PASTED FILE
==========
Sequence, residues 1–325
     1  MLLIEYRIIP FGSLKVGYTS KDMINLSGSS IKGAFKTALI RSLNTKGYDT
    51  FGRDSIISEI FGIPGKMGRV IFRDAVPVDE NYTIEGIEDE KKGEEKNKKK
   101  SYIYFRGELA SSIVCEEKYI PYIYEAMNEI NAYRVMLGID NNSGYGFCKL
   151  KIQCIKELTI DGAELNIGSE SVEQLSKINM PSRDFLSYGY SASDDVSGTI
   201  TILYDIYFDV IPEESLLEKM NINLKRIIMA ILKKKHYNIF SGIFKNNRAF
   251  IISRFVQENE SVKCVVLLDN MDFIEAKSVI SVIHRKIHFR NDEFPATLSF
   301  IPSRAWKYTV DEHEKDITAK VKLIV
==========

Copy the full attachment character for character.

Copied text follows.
Sequence, residues 1–325
     1  MLLIEYRIIP FGSLKVGYTS KDMINLSGSS IKGAFKTALI RSLNTKGYDT
    51  FGRDSIISEI FGIPGKMGRV IFRDAVPVDE NYTIEGIEDE KKGEEKNKKK
   101  SYIYFRGELA SSIVCEEKYI PYIYEAMNEI NAYRVMLGID NNSGYGFCKL
   151  KIQCIKELTI DGAELNIGSE SVEQLSKINM PSRDFLSYGY SASDDVSGTI
   201  TILYDIYFDV IPEESLLEKM NINLKRIIMA ILKKKHYNIF SGIFKNNRAF
   251  IISRFVQENE SVKCVVLLDN MDFIEAKSVI SVIHRKIHFR NDEFPATLSF
   301  IPSRAWKYTV DEHEKDITAK VKLIV